Several of us foreigners are having our first snow experience leaving in Washington D.C. As so Ski in the nearby areas (MD, West Virginia) is a tempting weekend trip. Based on my own experience here are some tips and info for beginners:
- Skiing is no more dangerous than other high-energy participation sports. However, it is challenging and require physical skills that are only learned over time with practice. The sport involve some inherent risk, but in some measure, it is that risk that entices most skiers and riders to pursue the sport.
- Beginners are thought to be 33% more likely to be injured than the more experienced skier. Women are more likely to sustain knee injuries whilst men are more likely to injure their head or shoulder.
- Is snowboarding safer than skiing?Knee injuries in snowboarding are much less frequent than in skiing but on the other side wrist and head injuries are much more common. There is no significant differences in the rate of fatalities and injuries between ski and snowboarding although the snowboarding numbers are steadily increasing due to its more recent popularity.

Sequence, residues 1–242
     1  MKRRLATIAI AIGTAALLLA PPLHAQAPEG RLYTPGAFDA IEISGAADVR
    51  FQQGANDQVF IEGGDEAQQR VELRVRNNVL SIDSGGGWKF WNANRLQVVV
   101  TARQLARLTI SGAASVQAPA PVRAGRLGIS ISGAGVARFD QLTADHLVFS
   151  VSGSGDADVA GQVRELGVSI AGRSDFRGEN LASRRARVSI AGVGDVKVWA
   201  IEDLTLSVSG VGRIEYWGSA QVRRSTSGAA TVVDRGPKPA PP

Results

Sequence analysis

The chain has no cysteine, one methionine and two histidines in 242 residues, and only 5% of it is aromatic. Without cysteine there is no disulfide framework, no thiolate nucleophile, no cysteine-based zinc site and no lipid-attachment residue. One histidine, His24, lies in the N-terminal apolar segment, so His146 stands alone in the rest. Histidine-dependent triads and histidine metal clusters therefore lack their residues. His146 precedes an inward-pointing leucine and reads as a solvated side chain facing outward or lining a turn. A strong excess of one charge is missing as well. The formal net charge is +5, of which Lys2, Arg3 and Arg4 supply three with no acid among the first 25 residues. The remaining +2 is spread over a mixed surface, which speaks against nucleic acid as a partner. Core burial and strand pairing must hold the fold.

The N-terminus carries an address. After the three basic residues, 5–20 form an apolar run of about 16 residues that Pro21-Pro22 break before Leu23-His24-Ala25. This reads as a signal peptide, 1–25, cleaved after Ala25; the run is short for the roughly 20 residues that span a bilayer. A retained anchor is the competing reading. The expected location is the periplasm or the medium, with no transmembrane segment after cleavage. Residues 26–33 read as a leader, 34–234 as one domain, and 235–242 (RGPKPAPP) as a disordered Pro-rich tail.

- Proper equipment and equipment maintenance is essential. It is hard to identify problems with that when you are a beginner and is renting your equipment, but make sure you test and ask all the necessary questions (longer vs. shorter skis, etc) to make sure the equipment is correctly adjusted to you. A problem with your bidding can represent a thorn ACL and 6 months of recovery
- Selecting the appropriate difficulty of slope on the mountain is important although injuries can happen even on the basic one. A uniform code exists with green being easiest, then blue and black for intermediate to advanced skiers. Don't be tempted to try a slope designed for more experienced skiers before you are ready!
- Always pay attention to the slope conditions. Icy slopes are more common on the East coast of US and are much more difficult to manage than the real snow ones you will probably find on the west coast